Suppose one day you were drugged and kidnapped and woke up some time later in a large room with no doors and no windows, alongside a small group of other individuals you’ve never met, in a similar predicament. To figure out what’s going on, you can use your senses to scan the room, to look for weak sections in the wall, to check if there are any air vents maybe that would allow you to catch a glimpse of what is outside the room. But if the walls are solid enough not to allow your senses to reach beyond them (you can’t see anything, hear anything, feel anything etc.) that marks the end of your empirical knowledge regarding what is outside of the room and why you happen to be there.
Your reason on the other hand can go beyond the limitation of your senses, using your imagination. You can have a discussion with the other people in the room regarding what might be the best possible explanation for what is happening. Someone might suggest that maybe you are being held for ransom. Someone else might purpose that this could be some type of scientific experiment. Still anther might say that this might be a CIA black site. If several of you felt that one of the scenarios was the most plausible, you can then develop that scenario further, by working out the implications of your initial presuppositions. But the important thing to realize here is that each of these propositions is essentially a guess and could very well turn out to be wrong.
Even so, when it comes to metaphysics, science/empirical inquiry is out of its element, by definition. Science can only study physical/material reality. If there is anything beyond the material, science has no way of knowing it. Reason on the other hand can transcend the boundaries of physics, but only via guessing. It can propose possible alternatives and speculate about which one might be correct, but nothing more. Just like to the people in the room, the world outside of space-time is out of our reach.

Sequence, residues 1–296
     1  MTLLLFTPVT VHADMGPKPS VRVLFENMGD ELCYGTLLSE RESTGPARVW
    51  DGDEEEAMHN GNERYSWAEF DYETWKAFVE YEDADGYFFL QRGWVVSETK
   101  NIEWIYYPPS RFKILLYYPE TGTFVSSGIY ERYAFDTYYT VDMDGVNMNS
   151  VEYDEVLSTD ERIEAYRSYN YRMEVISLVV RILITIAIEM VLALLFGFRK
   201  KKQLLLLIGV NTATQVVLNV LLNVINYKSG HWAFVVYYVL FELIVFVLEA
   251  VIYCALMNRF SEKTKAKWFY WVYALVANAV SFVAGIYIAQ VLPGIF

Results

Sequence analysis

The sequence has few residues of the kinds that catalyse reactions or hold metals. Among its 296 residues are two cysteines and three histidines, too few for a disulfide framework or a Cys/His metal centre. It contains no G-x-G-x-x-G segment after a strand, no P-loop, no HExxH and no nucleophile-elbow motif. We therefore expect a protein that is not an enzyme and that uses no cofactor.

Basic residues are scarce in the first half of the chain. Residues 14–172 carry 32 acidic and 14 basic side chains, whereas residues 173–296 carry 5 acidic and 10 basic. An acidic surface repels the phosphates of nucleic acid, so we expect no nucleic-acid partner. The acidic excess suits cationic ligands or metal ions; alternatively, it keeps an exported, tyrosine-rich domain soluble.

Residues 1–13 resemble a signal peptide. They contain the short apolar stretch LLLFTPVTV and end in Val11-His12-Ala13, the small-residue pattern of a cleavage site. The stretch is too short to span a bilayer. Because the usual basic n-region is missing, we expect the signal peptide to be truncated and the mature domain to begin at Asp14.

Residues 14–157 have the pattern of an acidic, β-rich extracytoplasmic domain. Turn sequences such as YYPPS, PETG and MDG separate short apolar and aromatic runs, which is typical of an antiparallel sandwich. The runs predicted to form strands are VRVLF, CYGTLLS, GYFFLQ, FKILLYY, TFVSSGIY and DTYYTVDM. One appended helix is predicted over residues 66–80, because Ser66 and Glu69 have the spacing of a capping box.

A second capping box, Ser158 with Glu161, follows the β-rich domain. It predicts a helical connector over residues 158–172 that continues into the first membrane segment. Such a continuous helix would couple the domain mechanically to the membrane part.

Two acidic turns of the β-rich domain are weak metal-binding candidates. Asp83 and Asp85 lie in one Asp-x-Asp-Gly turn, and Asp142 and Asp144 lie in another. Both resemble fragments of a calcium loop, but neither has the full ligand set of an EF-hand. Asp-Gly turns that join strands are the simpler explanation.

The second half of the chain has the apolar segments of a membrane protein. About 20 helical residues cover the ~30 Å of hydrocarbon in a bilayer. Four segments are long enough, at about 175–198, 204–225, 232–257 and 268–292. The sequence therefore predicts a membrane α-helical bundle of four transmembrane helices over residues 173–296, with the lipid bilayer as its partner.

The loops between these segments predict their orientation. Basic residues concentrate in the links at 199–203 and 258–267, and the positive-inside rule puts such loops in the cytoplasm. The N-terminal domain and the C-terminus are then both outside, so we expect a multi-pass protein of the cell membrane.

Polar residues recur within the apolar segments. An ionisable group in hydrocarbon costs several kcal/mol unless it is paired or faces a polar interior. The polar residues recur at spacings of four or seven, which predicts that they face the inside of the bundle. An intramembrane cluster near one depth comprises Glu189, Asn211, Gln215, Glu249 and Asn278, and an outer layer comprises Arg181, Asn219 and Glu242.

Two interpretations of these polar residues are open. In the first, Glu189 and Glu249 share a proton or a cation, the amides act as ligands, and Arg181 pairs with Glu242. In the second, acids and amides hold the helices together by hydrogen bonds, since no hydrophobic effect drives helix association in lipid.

On the other hand, just because the people in the room have no access to knowledge beyond the walls does not mean that those who placed them in the room couldn’t provide this knowledge to them. Someone could get on the speaker and tell them that they were taken for some specific reason and that they are being held at a specific location. Even so, our inability to obtain metaphysical knowledge on our own does not prevent God from revealing it to us if He so chose. Moreover, it is entirely God’s prerogative to decide how He communicates this knowledge to us.
So what is the point of all this? It is to show that when Liberal Theology claims to be built on reason and science rather than revelation, what it actually means is that it believes God provided His revelation THROUGH reason and science. Reason and science alone would not be able to do this but, Liberal Theology proposes, the reason they CAN do it is because God chose to use them (reason & science) as His agents of revelation (instead of some other agent).
So essentially, every theological model, whether Liberal, Neoorthodox, Catholic or Canonical, is built on presuppositions. The models are then developed and, the way we evaluate the models, is not by whether or not they depend on presuppositions, since they all do, but by how well they manage to incorporate all the data of human existence. Because all the models have strengths and weaknesses, they cannot be critiqued in isolation, but must be contrasted side by side with other models. Just because one model has problems does not mean that other models might not have even greater problems.
In conclusion, Adventist theology is built on a distinct set of starting assumptions that lead naturally to conclusions which vary to a lesser or greater degree from those of other Christian groups. These assumptions however are no different, epistemically speaking, from the assumptions of any other group.